Google has a firm grip with their products and services ubiquitous on the desktop. Don’t get us wrong, we’re long-standing admirers of many of Google’s products and services. They are often high quality, easy to use, and ‘free’, but there can be downsides of over-reliance on a specific company. For example, there are questions about their privacy policies, business practices, and an almost insatiable desire to control all of our data, all of the time.
What if you are looking to move away from Google and embark on a new world of online freedom, where you are not constantly tracked, monetized and attached to Google’s ecosystem.
In this series we explore how you can migrate from Google without missing out on anything. We recommend open source solutions.
Google Chrome is the most popular web browser. It provides an easy to use and clean interface, solid connectivity across devices and a huge library of extensions. However, it’s resource-hungry, has a chequered track record when it comes to privacy, and it’s released under a proprietary license.
Of course, Google sponsor Chromium, a free and open source software project. While Chromium is a solid browser there’s still significant privacy concerns. And if you’re in the market for an alternative to Google Chrome it makes little sense to recommend any of the myriad of browsers based on Chromium.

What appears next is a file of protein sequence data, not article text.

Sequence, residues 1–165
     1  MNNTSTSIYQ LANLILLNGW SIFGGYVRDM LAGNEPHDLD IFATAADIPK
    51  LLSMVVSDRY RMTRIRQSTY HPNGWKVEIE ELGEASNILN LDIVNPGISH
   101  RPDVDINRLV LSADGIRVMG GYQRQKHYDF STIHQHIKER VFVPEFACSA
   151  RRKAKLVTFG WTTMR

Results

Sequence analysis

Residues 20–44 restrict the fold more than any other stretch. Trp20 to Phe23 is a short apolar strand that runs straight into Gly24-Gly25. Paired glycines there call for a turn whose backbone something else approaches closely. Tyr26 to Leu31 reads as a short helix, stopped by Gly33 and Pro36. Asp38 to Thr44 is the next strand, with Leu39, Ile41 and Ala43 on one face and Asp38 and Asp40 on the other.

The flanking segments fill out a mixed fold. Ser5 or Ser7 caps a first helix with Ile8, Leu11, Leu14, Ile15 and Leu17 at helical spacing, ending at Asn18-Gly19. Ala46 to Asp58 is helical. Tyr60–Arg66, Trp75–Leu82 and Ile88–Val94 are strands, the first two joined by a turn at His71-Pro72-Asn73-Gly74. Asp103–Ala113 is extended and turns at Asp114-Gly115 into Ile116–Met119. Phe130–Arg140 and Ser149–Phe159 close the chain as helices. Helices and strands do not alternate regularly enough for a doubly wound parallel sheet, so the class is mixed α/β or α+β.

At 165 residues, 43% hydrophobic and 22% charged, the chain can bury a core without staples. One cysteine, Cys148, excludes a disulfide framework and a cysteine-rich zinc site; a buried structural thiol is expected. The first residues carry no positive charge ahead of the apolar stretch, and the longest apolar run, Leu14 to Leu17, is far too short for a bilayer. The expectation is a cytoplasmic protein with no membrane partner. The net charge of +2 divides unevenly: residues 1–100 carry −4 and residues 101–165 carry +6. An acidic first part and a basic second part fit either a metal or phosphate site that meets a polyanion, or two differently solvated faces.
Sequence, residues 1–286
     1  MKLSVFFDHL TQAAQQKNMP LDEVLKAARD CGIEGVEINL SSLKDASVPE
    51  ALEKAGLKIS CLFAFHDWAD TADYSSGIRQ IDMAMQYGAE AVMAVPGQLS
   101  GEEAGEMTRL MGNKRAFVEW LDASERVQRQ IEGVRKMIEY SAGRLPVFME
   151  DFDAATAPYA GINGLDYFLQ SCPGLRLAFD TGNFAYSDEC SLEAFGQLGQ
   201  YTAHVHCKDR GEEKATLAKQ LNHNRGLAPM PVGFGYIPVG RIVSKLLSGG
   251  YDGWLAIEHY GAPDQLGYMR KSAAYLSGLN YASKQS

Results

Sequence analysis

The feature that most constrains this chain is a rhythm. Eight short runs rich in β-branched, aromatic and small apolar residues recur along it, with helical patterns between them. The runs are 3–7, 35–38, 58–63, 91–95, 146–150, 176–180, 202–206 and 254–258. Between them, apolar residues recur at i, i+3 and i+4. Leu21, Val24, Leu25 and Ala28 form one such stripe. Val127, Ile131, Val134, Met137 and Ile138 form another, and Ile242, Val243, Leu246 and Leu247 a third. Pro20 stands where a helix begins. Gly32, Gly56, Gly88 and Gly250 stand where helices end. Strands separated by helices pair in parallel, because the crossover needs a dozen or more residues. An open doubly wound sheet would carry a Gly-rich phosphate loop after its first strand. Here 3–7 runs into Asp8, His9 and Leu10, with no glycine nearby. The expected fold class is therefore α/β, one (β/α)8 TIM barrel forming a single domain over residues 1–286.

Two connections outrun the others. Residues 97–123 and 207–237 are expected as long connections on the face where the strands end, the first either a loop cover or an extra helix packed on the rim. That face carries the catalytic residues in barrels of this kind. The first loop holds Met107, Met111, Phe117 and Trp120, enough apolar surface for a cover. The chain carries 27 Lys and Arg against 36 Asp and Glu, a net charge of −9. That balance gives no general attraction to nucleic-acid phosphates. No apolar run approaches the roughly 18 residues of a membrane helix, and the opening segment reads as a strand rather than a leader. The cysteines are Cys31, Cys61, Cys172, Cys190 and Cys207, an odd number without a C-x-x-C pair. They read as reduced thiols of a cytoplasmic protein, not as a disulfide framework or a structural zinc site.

Fortunately, there are tons of open source web browsers available for Linux that aren’t based on Chromium.
While there’s lots to like about many of them, we recommend that you install Tor Browser. This web browser lets you avoid surveillance, tracking, and censorship.
Tor Browser really does offer an extremely private browsing experience preventing websites from “fingerprinting” you. The software doesn’t keep any browsing history, and cookies are only valid for a single session. There’s multi-layer encryption to boot.
None of this would mean anything if the web browser itself didn’t offer all the essential features. It does!
If you want a more mainstream alternative, we’re strong admirers of Firefox, software developed by the Mozilla Foundation.
Firefox offers a good set of functionality including essentials like tabbed browsing, spell checking, incremental search, live bookmarking, Smart Bookmarks, private browsing, and an integrated search system. Private Browsing deletes cookie data when you close the browser window and doesn’t track your browsing data.
As an open source project, transparency and openness are an essential part of their founding principles.
Firefox is at the core of most privacy-focused browsers.
Pale Moon is originally a fork of Firefox with substantial divergence particularly in its user interface, add-on support, and always runs in single-process mode.
Pale Moon is based on a different layout engine to Gecko-based browsers like Firefox. It uses Goanna, an optimized layout and rendering browser engine.
This privacy-aware web browser offers additional security features.